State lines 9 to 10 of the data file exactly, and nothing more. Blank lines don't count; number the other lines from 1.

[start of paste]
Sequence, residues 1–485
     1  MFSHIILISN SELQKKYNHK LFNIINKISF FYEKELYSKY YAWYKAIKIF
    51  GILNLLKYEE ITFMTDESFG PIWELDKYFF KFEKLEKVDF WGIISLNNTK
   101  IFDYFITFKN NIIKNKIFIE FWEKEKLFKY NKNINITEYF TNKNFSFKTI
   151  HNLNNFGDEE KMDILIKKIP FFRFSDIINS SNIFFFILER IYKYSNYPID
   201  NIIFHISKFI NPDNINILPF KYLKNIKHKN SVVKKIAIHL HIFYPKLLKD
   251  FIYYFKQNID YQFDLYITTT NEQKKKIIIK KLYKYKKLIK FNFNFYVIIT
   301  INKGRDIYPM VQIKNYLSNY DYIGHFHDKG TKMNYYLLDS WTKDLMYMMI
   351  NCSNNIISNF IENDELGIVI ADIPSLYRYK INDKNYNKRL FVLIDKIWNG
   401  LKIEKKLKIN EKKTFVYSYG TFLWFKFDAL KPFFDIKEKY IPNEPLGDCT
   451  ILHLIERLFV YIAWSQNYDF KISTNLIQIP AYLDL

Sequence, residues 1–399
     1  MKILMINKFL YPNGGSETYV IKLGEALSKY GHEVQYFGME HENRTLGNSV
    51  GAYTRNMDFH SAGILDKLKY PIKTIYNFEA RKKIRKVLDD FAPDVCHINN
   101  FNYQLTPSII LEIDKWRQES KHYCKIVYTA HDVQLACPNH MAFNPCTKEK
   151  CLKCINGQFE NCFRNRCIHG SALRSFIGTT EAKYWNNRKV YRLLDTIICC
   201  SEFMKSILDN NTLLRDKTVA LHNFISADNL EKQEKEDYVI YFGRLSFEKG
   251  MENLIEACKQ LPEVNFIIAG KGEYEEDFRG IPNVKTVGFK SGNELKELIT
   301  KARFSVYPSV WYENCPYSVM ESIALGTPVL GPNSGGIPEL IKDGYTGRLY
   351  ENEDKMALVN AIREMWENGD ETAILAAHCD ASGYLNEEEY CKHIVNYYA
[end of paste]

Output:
   351  NCSNNIISNF IENDELGIVI ADIPSLYRYK INDKNYNKRL FVLIDKIWNG
   401  LKIEKKLKIN EKKTFVYSYG TFLWFKFDAL KPFFDIKEKY IPNEPLGDCT